Born in Paris, Ducournau, 38, is the daughter of doctors – her mother a gynaecologist, her father a dermatologist. The inside and the outside, I say. She gives me a look of disapproval. “No, that’s a gross comment. It’s about the individual. They always told me that there’s one case per patient, that everyone reacts differently, everyone – and it’s incredibly humane to say that.”
She studied at the Sorbonne and at elite French film school La Fémis, places that presumably require some degree of confidence. “Oh my God, that’s so funny! I never saw the Sorbonne as somewhere you had to be very confident in. There’s no way you can achieve anything by not being in constant, utter, painful doubt – especially in my job. Directing is pretty much making choices all the time – all the time, choices, choices – and you have to work with your instinct a lot. That doesn’t mean it goes with confidence – it means that I’m gonna go there and I’m gonna make it work, no matter what.”
You can’t easily imagine Ducournau losing her cool, but she admits she’s nervous about that evening’s London film festival screening of Titane. “I’m dreading it. I’m so scared that I’m gonna get booed or something. At every single screening, this is one of the fears that I have.”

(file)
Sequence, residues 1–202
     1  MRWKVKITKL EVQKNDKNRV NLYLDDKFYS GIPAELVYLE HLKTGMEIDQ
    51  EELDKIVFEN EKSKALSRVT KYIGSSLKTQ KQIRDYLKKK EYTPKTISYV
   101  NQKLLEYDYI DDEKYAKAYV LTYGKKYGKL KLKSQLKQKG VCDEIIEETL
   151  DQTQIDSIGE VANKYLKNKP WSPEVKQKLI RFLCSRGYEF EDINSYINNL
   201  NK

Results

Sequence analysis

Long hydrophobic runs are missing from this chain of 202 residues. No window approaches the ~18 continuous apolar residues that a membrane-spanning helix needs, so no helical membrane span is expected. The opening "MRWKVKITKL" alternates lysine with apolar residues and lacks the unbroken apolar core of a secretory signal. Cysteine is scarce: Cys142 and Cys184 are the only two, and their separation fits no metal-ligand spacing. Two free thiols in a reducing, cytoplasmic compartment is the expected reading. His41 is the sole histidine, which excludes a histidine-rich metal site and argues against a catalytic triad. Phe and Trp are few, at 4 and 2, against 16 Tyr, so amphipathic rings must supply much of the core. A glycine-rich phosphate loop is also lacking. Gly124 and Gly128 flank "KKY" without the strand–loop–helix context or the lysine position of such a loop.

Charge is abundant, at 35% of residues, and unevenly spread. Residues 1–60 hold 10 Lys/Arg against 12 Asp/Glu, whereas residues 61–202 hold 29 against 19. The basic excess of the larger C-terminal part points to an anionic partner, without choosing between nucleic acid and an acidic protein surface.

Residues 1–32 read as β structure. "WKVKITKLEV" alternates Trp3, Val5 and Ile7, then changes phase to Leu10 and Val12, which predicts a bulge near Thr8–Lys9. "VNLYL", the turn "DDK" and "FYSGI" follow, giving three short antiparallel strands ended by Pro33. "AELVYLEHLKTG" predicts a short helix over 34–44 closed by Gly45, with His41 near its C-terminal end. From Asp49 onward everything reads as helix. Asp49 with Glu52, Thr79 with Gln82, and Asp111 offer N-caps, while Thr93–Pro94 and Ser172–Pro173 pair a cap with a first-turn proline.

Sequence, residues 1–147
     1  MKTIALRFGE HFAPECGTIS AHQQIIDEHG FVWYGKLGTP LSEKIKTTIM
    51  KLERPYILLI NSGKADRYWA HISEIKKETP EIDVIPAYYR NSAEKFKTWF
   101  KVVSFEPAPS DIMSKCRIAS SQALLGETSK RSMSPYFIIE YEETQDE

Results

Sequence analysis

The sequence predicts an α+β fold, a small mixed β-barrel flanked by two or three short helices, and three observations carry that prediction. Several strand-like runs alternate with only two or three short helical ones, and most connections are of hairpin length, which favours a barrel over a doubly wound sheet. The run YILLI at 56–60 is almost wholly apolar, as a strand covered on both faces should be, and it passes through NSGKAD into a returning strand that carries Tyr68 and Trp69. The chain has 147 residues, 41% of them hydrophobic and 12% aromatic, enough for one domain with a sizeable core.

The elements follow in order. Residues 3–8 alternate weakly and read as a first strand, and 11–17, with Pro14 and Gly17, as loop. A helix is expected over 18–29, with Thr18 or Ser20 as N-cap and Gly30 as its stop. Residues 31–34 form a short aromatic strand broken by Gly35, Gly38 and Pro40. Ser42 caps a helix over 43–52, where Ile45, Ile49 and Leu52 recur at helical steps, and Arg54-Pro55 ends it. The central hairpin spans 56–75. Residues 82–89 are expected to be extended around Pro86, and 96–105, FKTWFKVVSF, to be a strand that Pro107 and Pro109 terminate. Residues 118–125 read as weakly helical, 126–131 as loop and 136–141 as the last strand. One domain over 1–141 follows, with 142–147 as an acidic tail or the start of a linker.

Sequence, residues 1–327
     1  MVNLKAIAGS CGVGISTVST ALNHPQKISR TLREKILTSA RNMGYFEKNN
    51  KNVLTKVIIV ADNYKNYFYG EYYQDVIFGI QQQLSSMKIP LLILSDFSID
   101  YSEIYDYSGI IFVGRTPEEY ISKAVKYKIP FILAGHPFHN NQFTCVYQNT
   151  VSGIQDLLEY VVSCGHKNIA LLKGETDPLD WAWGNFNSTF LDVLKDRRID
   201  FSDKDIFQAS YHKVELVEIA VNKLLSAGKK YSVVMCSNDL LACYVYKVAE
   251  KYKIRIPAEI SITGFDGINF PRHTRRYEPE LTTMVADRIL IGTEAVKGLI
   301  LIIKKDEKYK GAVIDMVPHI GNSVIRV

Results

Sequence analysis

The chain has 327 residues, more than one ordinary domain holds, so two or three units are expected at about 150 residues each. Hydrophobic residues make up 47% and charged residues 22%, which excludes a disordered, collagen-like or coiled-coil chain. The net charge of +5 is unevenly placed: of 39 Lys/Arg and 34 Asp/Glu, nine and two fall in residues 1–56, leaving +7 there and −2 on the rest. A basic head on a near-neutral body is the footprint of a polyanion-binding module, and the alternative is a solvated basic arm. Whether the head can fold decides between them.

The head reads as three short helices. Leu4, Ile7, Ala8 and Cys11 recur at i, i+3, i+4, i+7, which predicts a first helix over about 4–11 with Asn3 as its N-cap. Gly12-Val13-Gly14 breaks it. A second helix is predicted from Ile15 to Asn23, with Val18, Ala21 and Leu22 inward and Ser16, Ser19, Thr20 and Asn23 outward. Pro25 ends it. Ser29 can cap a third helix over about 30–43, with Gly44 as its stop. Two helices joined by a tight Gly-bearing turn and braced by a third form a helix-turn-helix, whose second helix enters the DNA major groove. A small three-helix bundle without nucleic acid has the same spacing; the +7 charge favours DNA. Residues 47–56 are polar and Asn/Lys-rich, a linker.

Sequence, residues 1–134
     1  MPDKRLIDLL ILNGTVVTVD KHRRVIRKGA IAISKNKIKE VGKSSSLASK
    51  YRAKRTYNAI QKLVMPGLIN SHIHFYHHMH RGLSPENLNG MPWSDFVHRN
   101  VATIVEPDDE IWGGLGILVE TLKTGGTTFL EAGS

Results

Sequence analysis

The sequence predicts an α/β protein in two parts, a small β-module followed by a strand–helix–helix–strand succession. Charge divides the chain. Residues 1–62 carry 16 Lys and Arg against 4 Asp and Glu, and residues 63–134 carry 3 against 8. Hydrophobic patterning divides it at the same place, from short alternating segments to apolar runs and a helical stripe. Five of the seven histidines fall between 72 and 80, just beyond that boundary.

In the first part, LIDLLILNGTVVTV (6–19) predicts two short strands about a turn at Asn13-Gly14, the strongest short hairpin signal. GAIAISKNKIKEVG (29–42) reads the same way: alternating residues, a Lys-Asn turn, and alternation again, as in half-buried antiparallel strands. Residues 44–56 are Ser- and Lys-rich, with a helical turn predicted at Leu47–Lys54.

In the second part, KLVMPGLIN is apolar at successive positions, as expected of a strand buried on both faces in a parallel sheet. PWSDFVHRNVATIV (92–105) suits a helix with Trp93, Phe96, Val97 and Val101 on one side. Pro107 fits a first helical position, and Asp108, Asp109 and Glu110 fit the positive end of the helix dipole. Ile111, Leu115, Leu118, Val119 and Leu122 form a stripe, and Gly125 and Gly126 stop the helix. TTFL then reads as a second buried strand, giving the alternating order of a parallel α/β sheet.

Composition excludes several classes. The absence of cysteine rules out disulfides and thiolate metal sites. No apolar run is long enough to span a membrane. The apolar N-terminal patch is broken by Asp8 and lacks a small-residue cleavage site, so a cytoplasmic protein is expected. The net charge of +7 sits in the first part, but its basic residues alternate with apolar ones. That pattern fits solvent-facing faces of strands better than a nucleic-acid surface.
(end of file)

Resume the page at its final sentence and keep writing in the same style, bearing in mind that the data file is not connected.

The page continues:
And has it ever happened?
People may not have booed her films, but they have allegedly fainted. With her 2016 debut feature, Raw, Ducournau seemed to burst into existence fully formed, with an absolutely singular voice. In fact, she had previously made a mark with her 2011 short Junior, about a girl going through adolescent shifts of gender identity, a process involving much peeling and dripping prosthetic skin. Raw scooped numerous prizes, at Cannes and elsewhere, including London film festival’s Sutherland award for best first film. A coming-of-age drama steeped in blood, carnality and savage humour, it was about a veterinary student who discovers her inner cannibal. It was a triumphant outlier at a time when France’s cinema seemed to have drifted away from the so-called “new French extremity” of the turn of the century, embodied by Gaspar Noé, Claire Denis’s gore-soaked Trouble Every Day and Marina de Van’s extremely bizarre body-horror drama In My Skin.